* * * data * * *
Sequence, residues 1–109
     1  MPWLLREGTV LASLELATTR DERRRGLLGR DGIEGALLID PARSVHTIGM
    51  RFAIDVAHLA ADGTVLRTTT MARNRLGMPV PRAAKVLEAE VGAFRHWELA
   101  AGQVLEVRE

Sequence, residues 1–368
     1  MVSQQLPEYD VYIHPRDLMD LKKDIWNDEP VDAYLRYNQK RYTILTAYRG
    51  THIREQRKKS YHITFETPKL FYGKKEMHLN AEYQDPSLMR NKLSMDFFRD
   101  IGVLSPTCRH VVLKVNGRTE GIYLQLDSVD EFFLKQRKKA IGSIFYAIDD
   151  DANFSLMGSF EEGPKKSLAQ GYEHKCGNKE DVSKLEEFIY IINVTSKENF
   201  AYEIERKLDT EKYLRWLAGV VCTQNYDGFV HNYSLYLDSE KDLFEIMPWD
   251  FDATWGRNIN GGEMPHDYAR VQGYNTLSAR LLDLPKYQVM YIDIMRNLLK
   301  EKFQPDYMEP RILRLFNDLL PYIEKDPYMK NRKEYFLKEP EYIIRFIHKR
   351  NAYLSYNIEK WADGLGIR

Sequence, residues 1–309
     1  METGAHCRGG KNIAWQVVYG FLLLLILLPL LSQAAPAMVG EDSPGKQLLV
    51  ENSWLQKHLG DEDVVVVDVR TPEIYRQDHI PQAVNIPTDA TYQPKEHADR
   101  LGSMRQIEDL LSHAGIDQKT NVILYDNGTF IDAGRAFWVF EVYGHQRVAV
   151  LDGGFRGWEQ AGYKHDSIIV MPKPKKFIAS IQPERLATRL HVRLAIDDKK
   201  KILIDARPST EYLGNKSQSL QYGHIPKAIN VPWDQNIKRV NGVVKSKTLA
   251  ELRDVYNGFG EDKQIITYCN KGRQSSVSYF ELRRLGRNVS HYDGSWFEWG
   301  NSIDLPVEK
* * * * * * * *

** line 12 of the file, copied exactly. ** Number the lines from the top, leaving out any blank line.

   301  EKFQPDYMEP RILRLFNDLL PYIEKDPYMK NRKEYFLKEP EYIIRFIHKR